5. Ansible

Downloads (last month): 4,135,675

Description: Ansible is a package for provisioning, configuration management, and application-deployment enabling infrastructure as code; in other words, it’s a very simple IT automation engine.

CVE Count: 22

Top 3 CWEs by count:

CWE-20 → Improper input validation (XSS & injection flaws)

  • 6 affiliated CVEs with this CWE, with average CVSS score of 8.7

CWE-74 → Improper neutralization of special elements in output used by a downstream component (Injection)

  • 3 affiliated CVEs with this CWE, with average CVSS score of 9.8

CWE-200 → Exposure of sensitive information to an unauthorized actor (Information Disclosure)

  • 2 affiliated CVEs with this CWE, with average CVSS score of 7.5

Takeaway: CWE-20 (input validation) was one of the most common across the board and seems to be a common problem agnostic of the package’s purpose. Information disclosure to unauthorized users is a common problem when it comes to configuration management platforms, so no surprise to see that present with Ansible.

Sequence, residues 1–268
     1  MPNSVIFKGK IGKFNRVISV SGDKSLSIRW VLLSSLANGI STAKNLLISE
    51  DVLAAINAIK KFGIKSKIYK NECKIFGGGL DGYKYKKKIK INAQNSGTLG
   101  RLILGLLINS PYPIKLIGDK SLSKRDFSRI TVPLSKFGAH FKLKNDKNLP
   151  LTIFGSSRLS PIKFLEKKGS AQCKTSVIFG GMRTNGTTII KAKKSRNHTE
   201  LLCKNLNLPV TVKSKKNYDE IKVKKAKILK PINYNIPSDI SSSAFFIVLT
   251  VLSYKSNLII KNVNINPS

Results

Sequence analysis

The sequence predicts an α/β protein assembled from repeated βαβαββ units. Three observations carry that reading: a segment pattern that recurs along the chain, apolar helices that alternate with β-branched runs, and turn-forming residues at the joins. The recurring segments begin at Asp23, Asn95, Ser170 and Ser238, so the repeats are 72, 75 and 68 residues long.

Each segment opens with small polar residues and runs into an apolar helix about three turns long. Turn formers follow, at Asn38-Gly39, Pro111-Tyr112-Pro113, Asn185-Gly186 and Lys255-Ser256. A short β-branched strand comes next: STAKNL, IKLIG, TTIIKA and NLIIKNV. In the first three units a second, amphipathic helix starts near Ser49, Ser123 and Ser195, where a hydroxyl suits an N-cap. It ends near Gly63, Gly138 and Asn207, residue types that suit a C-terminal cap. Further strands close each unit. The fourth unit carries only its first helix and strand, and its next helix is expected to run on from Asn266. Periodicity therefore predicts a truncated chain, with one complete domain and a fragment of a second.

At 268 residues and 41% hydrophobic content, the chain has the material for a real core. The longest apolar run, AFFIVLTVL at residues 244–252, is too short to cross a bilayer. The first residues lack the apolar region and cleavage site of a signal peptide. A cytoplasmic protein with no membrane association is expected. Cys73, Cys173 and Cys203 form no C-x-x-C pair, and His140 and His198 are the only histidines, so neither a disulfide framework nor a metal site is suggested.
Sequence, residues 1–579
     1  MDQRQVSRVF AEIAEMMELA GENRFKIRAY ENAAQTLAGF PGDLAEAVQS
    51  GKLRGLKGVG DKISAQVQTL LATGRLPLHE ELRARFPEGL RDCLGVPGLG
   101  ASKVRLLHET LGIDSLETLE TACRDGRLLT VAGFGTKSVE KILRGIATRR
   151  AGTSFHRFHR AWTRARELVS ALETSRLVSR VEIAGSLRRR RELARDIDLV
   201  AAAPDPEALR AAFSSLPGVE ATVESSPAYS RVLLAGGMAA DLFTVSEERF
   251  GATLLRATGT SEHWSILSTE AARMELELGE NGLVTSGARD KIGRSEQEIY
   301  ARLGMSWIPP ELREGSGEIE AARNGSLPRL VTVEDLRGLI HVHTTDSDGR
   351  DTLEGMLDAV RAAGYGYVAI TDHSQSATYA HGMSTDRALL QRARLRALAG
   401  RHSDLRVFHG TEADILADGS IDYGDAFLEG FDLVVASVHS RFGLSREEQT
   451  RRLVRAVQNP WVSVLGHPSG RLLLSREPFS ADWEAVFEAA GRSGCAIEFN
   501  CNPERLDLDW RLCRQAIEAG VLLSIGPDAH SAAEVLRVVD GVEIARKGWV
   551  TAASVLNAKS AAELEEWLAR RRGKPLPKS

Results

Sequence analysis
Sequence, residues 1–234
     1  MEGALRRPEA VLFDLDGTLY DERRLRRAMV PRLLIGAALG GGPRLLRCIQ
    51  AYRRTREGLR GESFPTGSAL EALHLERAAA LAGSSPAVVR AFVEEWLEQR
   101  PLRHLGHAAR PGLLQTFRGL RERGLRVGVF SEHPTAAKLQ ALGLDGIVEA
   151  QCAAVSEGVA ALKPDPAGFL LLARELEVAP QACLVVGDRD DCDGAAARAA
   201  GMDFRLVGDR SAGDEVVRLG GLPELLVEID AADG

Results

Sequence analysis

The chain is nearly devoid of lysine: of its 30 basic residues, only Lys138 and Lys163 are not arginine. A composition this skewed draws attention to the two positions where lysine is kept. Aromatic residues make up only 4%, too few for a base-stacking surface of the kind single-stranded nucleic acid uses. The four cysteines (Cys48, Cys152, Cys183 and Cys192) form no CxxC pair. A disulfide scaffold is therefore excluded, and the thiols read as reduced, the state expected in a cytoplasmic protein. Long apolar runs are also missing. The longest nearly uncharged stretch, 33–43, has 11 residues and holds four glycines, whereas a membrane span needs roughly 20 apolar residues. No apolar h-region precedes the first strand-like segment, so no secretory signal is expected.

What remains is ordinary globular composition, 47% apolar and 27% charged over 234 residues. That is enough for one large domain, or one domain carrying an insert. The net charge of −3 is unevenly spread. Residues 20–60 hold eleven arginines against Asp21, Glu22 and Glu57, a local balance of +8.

The Bottom Line

It’s no surprise that the most common attack vectors for exploiting vulnerabilities in these packages tie directly to the underlying functionality for which the package is used for. Maintainers of open-source libraries should pay close attention to these components and be sure to follow secure coding practices when iterating and pushing new versions. If you’re a Python developer and are wondering if the packages you’re using are secure, I’d recommend giving Ochrona a try.

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Zach Marks

Zach Marks

Co-founder @Ochrona Sec | PANW, ex-Expanse, ex-Deloitte. All views are my own.